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Farming and Recovery from tomatoes of Bioavailable Lycopene, phytoene and phytofluene extracts
Lycopene, phytoene and phytofluene are carotenoid pigments, found in tomatoes and other red fruits. They are natural fat-soluble pigments (red, in the case of lycopene) which are synthesized by some plants and micro-organisms but not by animals. They serve as an accessory light-gathering pigment and also aid in the protection of these organisms against the toxic effects of oxygen and light.

Lycopene, phytoene and phytofluene are the most common antioxidant carotenoids in the human body which are poorly absorbed by the human body.  They are naturally present in human plasma and tissues in higher concentrations than the other carotenoids. Its levels are affected by several biological and lifestyle factors. Because of its lypophilic nature, its concentrates in low-density and very-low-density lipoprotein fractions of the serum and are also found to concentrate in the adrenal, liver, testes, and prostate. However, unlike other carotenoids, lycopene, phytoene and phytofluene levels in serum or tissues do not correlate well with overall intake of fruits and vegetables.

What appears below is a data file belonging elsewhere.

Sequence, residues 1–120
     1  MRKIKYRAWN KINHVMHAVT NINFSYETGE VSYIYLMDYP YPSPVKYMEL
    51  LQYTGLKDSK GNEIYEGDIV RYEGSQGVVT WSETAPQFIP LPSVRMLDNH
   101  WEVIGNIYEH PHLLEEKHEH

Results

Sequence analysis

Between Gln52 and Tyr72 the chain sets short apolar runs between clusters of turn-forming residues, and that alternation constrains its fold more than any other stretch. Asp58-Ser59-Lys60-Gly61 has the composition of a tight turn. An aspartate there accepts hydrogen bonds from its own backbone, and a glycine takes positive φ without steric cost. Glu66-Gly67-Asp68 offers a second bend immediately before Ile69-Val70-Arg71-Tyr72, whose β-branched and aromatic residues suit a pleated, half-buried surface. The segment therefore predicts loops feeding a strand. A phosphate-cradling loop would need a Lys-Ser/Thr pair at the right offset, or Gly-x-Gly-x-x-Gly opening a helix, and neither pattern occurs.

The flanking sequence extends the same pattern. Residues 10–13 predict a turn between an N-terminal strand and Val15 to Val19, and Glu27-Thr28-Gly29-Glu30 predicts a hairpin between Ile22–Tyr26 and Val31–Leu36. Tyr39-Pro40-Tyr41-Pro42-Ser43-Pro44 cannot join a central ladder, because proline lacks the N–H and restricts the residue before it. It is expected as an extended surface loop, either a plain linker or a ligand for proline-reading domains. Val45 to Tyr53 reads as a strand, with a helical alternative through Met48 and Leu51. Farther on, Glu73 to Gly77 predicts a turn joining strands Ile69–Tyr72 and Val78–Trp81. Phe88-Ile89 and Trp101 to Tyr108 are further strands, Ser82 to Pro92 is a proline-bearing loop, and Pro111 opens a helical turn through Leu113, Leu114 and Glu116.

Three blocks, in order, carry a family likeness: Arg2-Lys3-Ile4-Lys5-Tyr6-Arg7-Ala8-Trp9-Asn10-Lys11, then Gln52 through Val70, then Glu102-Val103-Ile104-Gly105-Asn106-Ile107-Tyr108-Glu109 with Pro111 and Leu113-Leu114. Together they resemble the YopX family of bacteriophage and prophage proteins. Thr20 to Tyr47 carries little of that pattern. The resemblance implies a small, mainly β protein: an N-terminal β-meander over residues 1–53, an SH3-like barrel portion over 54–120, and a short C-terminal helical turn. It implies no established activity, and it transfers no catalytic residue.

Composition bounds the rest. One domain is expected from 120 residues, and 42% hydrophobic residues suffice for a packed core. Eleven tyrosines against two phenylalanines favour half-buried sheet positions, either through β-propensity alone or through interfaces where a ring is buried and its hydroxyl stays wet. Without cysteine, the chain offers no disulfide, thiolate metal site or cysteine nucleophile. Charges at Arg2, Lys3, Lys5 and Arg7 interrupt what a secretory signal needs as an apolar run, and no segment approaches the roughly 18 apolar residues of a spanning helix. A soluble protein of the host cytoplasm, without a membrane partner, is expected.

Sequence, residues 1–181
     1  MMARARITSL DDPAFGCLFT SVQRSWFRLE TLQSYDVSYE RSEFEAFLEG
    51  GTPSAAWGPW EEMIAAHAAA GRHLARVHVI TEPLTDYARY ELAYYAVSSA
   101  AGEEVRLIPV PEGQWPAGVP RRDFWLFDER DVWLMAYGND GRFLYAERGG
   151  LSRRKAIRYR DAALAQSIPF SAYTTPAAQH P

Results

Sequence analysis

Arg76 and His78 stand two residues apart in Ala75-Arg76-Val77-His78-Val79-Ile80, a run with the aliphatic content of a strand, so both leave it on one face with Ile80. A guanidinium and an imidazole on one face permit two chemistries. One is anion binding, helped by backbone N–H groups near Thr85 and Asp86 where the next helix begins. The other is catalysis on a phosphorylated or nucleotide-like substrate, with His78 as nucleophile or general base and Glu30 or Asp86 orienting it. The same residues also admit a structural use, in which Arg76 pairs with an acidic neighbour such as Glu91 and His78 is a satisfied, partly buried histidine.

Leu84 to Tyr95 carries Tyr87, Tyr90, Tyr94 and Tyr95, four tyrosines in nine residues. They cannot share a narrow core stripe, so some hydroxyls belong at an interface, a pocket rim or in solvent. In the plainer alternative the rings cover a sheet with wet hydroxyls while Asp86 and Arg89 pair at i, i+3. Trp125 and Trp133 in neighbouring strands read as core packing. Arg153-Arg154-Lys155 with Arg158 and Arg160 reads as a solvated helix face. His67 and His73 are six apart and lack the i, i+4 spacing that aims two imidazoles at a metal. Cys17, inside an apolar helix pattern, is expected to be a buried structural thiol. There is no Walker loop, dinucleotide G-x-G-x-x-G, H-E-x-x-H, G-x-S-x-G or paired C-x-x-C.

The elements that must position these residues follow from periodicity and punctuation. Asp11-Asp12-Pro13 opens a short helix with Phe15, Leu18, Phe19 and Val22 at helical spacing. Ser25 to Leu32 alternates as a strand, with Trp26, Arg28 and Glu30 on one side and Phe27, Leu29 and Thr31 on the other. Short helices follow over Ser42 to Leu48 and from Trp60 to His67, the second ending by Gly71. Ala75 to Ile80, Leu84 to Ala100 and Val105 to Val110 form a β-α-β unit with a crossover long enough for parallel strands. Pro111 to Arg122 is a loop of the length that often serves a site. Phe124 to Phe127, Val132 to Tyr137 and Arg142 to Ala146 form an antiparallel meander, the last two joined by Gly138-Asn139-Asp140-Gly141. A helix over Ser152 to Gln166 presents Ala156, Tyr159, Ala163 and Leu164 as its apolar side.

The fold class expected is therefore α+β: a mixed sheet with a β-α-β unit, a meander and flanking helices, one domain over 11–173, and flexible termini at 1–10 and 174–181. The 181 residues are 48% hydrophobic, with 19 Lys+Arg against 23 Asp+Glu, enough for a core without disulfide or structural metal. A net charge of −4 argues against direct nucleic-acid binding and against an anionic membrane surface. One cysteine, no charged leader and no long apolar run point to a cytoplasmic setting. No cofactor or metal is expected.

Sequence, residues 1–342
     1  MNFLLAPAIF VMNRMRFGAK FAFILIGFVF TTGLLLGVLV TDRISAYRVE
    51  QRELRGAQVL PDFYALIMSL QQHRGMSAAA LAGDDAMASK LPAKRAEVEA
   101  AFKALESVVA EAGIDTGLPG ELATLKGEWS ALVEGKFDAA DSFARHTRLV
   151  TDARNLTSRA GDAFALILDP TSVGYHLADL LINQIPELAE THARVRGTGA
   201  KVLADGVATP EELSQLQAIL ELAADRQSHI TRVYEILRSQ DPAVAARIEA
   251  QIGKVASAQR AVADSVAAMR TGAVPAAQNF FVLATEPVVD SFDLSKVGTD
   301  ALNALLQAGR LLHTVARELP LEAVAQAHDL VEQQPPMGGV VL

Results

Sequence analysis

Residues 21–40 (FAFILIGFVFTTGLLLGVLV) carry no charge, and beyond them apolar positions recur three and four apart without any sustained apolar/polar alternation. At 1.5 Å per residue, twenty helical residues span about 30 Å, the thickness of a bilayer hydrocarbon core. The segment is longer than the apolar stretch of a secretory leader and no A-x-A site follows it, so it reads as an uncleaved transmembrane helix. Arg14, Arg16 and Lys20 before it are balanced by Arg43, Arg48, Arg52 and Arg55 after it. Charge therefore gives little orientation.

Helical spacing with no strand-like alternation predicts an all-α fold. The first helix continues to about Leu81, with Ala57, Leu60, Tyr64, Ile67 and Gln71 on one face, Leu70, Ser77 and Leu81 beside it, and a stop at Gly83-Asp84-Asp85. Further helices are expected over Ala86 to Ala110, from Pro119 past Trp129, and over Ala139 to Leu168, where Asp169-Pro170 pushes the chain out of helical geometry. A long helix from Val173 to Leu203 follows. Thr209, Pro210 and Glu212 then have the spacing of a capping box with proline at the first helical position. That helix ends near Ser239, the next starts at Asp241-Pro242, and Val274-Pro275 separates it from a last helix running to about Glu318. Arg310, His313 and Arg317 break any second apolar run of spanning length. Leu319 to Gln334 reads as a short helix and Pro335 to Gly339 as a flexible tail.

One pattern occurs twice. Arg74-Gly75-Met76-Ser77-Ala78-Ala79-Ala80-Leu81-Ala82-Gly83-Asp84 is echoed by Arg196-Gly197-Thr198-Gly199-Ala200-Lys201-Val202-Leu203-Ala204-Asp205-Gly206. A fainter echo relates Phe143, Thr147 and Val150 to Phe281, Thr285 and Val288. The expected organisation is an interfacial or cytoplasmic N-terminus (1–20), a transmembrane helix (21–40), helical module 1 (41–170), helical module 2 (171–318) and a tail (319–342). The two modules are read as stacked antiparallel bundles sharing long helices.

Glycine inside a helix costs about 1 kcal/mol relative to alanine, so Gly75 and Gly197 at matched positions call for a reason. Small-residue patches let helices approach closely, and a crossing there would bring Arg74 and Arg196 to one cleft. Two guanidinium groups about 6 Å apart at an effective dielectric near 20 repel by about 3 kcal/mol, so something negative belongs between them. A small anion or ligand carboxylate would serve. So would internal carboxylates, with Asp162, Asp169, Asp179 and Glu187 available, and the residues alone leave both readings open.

Cardiovascular diseases, along with cancer, are the main mortality causes in Europe and other developed countries. Strong correlative evidence suggests that lycopene may provide important protection against cardiovascular diseases and cancer. However the missing links in the chain are bioavailability, metabolism, and molecular mechanisms of biological activities that are still unknown.  www.lycocard.com

In published studies conducted with tomato growers of California between 2006 -2009, and supported by scientific analysis and investigations by USDA, Chromadex Inc., Craft Laboratories and other specialized laboratories, Phytofare™ carotenoid extracts showed considerable evidence of increased accessibility of lycopene, phytoene and phytofluene to extraction procedures on tomato, while changing the stereoisomeric profile of the carotenoids to one that was highly bioavailable and therefore more beneficial to consumers. 

USDA Manuscript Food Chemistry


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